Two panels held at NARM this afternoon (May 6) represented a significant departure from yesterday's programming, with speakers on the "Music and Social Networking" and "Artist Managers" panels declaring the old CD and major label models all but dead.

On the earlier panel, representatives from four social networks (MySpace, imeem, MOG, and last.fm) discussed the relationship between music and social networking, pointing out that for younger users, music is a social activity and a way to define identity. J. Scavo, head of MySpace Records, pointed out that, "it would have been difficult for MySpace to survive without music."

Panelists at the San Francisco Marriott also discussed the pros and cons of different recommendation systems, with last.fm's Jonas Woost pointing out that their system can often predict the rise of a certain artist on the charts. Imeem's Steve Jang told the audience that artist-to-user playlists were one of his site's most popular features.

Responding to a question raised by moderator Tim Mitchell of IODA, Jang also offered a counter-argument to Billy Bragg's point from a New York Times editorial that social networks sold for a large sum should share their windfall with affiliated artists. Jang told the crowd to look at it the other way and consider whether a band that gets big on MySpace should be forced to pay royalties to the site.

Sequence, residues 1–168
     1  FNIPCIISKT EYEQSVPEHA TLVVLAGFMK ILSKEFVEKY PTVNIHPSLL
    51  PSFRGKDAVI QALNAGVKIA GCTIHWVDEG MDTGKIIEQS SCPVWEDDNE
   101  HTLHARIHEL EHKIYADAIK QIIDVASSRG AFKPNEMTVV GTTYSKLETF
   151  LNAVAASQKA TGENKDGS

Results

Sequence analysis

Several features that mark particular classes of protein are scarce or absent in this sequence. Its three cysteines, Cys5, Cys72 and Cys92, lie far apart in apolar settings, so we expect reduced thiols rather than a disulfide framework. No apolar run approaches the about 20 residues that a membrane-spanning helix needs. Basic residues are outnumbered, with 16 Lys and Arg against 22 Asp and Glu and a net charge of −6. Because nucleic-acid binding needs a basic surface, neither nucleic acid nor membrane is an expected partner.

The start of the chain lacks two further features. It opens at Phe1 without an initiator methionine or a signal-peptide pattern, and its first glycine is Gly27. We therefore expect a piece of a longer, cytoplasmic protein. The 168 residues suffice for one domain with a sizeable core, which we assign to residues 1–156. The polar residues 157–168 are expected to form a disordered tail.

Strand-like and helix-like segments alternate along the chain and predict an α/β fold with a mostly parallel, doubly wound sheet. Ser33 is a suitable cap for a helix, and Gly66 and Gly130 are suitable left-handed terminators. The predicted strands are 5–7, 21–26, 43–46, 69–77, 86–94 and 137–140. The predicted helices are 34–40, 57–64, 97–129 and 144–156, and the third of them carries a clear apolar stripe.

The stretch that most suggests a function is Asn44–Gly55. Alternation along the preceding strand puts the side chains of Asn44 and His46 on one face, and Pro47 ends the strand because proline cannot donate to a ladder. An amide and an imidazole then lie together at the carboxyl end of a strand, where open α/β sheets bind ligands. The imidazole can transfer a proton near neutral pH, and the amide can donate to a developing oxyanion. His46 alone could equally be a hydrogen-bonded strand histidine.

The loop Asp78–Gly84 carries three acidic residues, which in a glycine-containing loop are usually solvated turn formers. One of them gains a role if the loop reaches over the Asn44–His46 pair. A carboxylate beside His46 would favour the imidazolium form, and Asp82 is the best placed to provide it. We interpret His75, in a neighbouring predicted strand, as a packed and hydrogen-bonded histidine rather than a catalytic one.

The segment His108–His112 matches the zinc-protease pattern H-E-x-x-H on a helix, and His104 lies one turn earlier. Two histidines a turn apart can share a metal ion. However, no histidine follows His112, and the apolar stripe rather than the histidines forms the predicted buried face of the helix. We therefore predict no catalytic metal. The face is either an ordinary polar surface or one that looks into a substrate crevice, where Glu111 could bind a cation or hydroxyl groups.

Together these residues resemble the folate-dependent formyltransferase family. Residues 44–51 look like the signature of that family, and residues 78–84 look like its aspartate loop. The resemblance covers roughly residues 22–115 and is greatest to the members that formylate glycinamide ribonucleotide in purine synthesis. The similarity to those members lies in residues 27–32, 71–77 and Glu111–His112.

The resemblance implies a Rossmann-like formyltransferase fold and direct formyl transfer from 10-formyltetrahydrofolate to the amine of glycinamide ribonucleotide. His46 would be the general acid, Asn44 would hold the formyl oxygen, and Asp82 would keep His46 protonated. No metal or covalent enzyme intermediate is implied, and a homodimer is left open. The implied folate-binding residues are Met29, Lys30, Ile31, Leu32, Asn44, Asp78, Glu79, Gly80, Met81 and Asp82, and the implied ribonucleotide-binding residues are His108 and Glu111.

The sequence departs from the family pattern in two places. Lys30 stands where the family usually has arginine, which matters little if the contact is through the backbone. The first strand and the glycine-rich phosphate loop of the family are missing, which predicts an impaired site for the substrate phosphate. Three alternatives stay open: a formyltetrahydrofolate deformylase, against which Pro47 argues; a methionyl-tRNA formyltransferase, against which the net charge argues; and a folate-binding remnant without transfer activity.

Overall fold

At the following panel, Simon Renshaw of Strategic Artist Management called recorded music a "grand promotional device." Pat Rains, of Patrick Rains and Associates, pointed out that while the business of music is bigger than ever, the record business is shrinking rapidly. He then said, "the public has lost interest in buying music."

None of the three managers on the panel said they would encourage any of their acts to sign deals with major labels, and Harriet Sternberg, who has her own management company, said that developing artists who take 360 deals are selling themselves short.

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